Longtime Arcadia Correspondent
Takes a Walk Down Memory Lane

by Paula Lamont
Reprinted from Society News, the newsletter of the Arcadia Area Historical Society
November 2021. Volume 27 Issue 2.

Paula Lamont was Arcadia’s long-time community correspondent for the Manistee County Pioneer Press. She seemed to know everything that was happening in town from who was visiting, perhaps what they planned to do, local club events, and other very local news. She wrote the following unedited oral history in 1962 at a time when M-22 was “a dirt road leading to old Burnham.” We added photos from the Museum’s collections. picture
Paula Lamont

I will take you down a little journey of memory lane, to when I was a young girl.

First we will start on Main St. (Lake St.) and M-22, the latter being a dirt road leading to old Burnham. The M-22 of that day was East (Glovers Lake Road) turning north past the L.L. Finch farm. The first place of business on the Main St. northside was the C.P. Matteson grocery store. Mr. Matteson opened at 7 a.m. daily with exception of Sunday. He stayed open until 10 p.m. Saturday night. Fred A. Wareham’s general store, the blacksmith shop, owned and operated by Mr. Mingus with living quarters upstairs, the Keebaugh residence, Ray Edwards’ Hardware (now the Town Hall), (my dad helped build this building), an ice cream parlor, pool room, and barber shop run by Frank Parker, and the Arcadia High School made up the N.E. portion of Main St.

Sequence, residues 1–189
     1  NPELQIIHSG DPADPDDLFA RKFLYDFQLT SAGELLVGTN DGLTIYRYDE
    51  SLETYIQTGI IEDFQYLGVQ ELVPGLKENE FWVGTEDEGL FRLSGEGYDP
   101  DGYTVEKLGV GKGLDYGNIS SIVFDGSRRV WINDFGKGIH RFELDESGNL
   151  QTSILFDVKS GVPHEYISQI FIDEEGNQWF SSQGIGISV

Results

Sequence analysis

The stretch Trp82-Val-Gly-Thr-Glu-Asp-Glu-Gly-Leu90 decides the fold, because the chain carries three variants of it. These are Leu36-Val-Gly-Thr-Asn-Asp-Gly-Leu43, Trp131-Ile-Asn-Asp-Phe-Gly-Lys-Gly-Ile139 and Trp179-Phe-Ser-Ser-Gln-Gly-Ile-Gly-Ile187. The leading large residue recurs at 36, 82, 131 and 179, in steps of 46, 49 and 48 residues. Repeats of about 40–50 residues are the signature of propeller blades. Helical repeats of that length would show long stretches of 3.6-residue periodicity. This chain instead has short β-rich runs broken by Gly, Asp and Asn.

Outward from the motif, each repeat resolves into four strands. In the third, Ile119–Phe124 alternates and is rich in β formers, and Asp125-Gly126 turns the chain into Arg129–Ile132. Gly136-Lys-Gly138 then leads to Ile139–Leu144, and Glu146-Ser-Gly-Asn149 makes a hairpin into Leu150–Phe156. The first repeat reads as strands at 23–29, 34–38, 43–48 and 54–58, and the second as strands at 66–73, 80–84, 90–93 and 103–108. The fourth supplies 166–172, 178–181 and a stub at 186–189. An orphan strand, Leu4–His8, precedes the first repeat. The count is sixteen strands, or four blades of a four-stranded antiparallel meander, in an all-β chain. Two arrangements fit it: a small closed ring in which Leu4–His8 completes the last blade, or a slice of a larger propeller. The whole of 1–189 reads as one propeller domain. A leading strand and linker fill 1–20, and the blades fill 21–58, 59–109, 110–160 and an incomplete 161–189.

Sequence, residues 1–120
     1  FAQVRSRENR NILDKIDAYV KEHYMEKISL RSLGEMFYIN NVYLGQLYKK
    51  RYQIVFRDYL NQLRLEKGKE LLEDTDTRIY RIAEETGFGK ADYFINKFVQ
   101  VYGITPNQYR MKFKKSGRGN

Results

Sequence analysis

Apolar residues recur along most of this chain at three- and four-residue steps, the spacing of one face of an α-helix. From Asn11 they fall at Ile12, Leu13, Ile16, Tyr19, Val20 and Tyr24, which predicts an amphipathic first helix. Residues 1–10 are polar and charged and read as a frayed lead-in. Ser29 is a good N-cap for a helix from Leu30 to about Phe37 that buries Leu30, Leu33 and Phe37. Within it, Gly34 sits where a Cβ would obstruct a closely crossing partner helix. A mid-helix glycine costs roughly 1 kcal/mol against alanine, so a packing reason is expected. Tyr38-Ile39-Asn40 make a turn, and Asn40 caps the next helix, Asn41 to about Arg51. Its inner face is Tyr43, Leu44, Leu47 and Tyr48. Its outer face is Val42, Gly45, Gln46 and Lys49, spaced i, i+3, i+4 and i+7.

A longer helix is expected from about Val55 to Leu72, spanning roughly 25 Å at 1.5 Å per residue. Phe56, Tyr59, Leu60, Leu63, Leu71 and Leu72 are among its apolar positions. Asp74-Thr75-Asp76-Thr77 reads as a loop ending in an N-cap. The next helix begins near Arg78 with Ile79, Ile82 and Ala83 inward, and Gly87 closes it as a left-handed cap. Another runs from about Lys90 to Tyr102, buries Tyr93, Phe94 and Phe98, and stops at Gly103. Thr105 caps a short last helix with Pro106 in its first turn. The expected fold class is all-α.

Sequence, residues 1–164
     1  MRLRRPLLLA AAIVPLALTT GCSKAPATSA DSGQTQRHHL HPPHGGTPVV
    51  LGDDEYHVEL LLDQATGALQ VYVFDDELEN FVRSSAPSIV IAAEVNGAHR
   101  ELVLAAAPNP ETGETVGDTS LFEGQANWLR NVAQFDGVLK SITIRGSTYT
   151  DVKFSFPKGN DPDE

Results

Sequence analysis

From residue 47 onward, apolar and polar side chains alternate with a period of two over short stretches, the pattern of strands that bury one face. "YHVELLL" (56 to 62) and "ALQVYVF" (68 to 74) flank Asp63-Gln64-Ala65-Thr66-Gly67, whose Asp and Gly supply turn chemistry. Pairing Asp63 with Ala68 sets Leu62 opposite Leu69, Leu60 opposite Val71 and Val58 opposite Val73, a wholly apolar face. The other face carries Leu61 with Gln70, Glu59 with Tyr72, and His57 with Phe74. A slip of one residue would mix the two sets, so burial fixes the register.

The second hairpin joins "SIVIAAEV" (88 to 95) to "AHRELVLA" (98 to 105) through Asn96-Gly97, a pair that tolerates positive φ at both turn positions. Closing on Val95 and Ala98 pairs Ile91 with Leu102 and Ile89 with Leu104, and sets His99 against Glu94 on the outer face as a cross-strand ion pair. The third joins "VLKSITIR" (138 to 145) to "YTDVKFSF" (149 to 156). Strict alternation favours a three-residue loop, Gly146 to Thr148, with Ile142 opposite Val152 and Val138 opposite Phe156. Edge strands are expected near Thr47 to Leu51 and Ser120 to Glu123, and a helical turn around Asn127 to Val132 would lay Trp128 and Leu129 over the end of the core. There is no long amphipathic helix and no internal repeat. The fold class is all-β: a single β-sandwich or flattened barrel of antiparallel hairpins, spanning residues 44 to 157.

The Charles Matteson Store

The Wareham Store beyond the Matteson Store

Arcadia High School
at Lake and 4th Streets

Crossing over what is now 4th Street, to the West, was Jim Oakes’ grocery store, later owned by Joe Werle, Mrs. Ethel Riley’s hat and craft shop which was later burned. Next was the Henry Meitz barber shop and home. On Saturday, you could see men going in, not only for hair cuts, but for a 25₵ bath. William Ebert owned the dry goods store which was on the corner of Main and 3rd St. Later his brother, Arthur Ebert took over that business with the Post Office in connection. On the next block, the Harold Wilsons lived in the large brown home and later the Roland Keillor family, that also burned. This house was located where the present Post Office is now.

The Meitz Barber Shop

“Next was the Henry Meitz barber shop and home. On Saturday, you could see men going in, not only for hair cuts, but for a 25₵ bath.”

The Akerman garage, the Kalebitzer [sic] Variety Store and the Lyons Bldg. was used for various shows and entertainments down stairs and apartments upstairs for the country girls attending high school. Later, Jim Schafer and father, Bill Schafer moved their meat market from 2nd Street into this building and where Lyle Schafer, following in his father’s footsteps, took over. picture
Schafer Storefront

Orville Akerman in front of his garage

Crossing, what we called the Pickertt [sic] House was on the corner where the Pickertt Park is today. Quite a number of dwellings with a saloon, filled in the rest of that side of Main Street.